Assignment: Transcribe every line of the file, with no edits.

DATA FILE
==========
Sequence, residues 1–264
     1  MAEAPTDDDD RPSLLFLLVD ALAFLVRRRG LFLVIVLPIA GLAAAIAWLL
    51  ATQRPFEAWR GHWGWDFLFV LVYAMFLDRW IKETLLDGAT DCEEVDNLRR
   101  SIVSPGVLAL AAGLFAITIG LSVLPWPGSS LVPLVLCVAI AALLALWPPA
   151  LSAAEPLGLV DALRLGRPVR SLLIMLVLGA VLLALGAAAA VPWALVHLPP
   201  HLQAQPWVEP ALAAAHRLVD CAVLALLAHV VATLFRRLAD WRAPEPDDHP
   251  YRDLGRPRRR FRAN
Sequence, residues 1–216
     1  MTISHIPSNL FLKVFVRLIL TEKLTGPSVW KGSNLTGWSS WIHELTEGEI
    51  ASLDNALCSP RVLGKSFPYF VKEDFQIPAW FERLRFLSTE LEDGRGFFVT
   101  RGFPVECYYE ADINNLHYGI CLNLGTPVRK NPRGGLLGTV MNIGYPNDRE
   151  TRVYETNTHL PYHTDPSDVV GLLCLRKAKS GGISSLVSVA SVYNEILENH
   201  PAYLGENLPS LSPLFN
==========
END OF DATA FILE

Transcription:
Sequence, residues 1–264
     1  MAEAPTDDDD RPSLLFLLVD ALAFLVRRRG LFLVIVLPIA GLAAAIAWLL
    51  ATQRPFEAWR GHWGWDFLFV LVYAMFLDRW IKETLLDGAT DCEEVDNLRR
   101  SIVSPGVLAL AAGLFAITIG LSVLPWPGSS LVPLVLCVAI AALLALWPPA
   151  LSAAEPLGLV DALRLGRPVR SLLIMLVLGA VLLALGAAAA VPWALVHLPP
   201  HLQAQPWVEP ALAAAHRLVD CAVLALLAHV VATLFRRLAD WRAPEPDDHP
   251  YRDLGRPRRR FRAN
Sequence, residues 1–216
     1  MTISHIPSNL FLKVFVRLIL TEKLTGPSVW KGSNLTGWSS WIHELTEGEI
    51  ASLDNALCSP RVLGKSFPYF VKEDFQIPAW FERLRFLSTE LEDGRGFFVT
   101  RGFPVECYYE ADINNLHYGI CLNLGTPVRK NPRGGLLGTV MNIGYPNDRE
   151  TRVYETNTHL PYHTDPSDVV GLLCLRKAKS GGISSLVSVA SVYNEILENH
   201  PAYLGENLPS LSPLFN